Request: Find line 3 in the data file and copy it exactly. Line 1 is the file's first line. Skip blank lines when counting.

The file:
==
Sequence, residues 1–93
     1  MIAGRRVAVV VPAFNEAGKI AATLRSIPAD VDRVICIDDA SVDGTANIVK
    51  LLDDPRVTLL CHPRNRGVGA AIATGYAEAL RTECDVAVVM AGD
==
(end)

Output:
    51  LLDDPRVTLL CHPRNRGVGA AIATGYAEAL RTECDVAVVM AGD